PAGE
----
Archive for Thursday, September 8, 2011

The study of handwriting

September 8, 2011

Last week I went to a party in Kansas City and met eight people that I had never met before, and what interesting folks they were. They were all successful people with diversified lifestyles. During the evening we got into a discussion that triggered my knowledge of handwriting analysis. Then the fun started.

Handwriting has been a serious interest of mine for more than 50 years, and it never ceases to catch the curiosity of everyone who learns about it. There is a lot of study involved and it takes constant learning. It is amazing what we can learn about people we do not know, and by the end of the evening I had briefly analyzed every one of them, even several who were rather reluctant and dubious at first.

The fun part is when I would say about one, “you are after facts and have to have everything proven to you.” Since they all knew each other they all laughed and said, “you got that right.” This went on and on, and they all had a good time learning about the talents and artistic and literary traits of each other.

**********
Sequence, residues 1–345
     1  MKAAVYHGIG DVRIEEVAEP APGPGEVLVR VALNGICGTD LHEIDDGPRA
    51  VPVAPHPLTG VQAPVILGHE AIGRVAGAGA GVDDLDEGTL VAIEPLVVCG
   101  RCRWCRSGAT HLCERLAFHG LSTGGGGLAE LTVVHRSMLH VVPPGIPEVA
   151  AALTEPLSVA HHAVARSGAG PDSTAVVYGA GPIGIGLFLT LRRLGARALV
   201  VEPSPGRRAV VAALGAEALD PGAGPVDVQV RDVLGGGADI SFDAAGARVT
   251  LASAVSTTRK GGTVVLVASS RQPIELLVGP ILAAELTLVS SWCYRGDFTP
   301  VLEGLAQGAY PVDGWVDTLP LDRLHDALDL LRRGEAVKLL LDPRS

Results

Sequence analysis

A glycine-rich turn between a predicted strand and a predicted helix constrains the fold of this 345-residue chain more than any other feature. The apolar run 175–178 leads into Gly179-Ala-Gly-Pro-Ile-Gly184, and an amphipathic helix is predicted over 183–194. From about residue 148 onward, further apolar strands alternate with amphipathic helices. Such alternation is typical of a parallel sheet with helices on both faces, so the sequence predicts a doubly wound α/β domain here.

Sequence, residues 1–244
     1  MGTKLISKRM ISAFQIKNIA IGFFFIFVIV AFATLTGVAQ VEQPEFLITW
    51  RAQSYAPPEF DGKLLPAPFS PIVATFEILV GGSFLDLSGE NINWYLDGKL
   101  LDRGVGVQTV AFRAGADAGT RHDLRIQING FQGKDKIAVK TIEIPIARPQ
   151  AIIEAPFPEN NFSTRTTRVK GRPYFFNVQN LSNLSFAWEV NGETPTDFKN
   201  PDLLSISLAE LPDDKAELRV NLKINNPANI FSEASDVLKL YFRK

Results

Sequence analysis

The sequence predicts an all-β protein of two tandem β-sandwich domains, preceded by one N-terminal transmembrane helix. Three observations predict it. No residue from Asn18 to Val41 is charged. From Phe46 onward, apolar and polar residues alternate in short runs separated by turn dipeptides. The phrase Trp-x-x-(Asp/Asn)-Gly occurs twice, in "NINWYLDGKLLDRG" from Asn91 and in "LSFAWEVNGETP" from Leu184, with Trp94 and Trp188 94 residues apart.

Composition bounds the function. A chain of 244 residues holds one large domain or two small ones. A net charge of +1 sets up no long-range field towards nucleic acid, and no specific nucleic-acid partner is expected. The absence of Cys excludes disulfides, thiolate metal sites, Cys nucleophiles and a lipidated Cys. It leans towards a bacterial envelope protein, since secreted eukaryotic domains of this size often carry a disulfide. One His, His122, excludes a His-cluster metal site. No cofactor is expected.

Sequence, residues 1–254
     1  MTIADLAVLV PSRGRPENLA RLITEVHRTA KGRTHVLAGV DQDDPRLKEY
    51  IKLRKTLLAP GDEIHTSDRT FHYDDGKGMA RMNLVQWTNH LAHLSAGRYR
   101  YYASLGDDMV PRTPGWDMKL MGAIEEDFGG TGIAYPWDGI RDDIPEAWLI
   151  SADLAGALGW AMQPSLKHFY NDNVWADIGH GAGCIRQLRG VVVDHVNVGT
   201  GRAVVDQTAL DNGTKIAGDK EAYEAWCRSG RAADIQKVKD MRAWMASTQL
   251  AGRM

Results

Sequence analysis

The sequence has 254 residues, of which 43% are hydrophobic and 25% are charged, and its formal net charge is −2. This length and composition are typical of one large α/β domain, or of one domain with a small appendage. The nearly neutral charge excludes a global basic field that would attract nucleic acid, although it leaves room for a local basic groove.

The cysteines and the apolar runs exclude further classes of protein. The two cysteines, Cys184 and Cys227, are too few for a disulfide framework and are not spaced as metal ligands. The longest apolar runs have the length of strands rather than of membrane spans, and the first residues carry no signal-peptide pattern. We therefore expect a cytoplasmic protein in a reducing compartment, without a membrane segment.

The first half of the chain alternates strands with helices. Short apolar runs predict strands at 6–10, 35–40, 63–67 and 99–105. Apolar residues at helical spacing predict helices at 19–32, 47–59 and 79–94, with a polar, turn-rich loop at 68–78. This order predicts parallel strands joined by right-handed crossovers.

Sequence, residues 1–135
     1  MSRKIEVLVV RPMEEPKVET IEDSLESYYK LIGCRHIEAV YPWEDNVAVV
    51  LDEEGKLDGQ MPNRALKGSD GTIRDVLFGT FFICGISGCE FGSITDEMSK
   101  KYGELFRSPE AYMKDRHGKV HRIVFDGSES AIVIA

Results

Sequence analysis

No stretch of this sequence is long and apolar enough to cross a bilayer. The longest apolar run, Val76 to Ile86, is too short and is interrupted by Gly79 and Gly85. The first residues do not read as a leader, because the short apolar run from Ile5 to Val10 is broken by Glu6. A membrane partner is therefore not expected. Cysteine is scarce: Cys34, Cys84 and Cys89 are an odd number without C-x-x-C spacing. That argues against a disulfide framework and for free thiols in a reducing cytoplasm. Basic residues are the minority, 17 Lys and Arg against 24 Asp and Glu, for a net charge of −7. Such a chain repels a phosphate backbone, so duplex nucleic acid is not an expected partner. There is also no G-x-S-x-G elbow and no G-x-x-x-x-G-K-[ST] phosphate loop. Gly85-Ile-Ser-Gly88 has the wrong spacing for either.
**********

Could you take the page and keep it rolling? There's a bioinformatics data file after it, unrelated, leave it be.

Graphology is 2,000 years old. A Roman historian had analyzed the writings of Caesar Augustus in 99 B.C. William Shakespeare said, “Give me the handwriting of a woman and I will tell you of her character.” In 1915 Dr. Milton Bunker began his study of handwriting and established the American Grapho-analysis Society in the United States. This is the version I studied first, and then went on to learn more about graphology. They are similar but have a difference in the terms.

All of us have strengths and weaknesses and if the traits can be identified, there is “grapho therapy” to fall back on to help. What I learned from this years ago is that I have too many interests and have had to guard against that.

If you have any concerns about yourself or of a family member, give me a call and maybe I can help.

Comments

KateGladstone 2 years, 5 months ago

You assert that Shakespeare said: "Give me the handwriting of a woman, and I will tell you her character." When and where did he say that? What's your source?mThere is no evidence that he even wrote it, because the sentence doesn't appear anywhere in his works — neither does anything similar.

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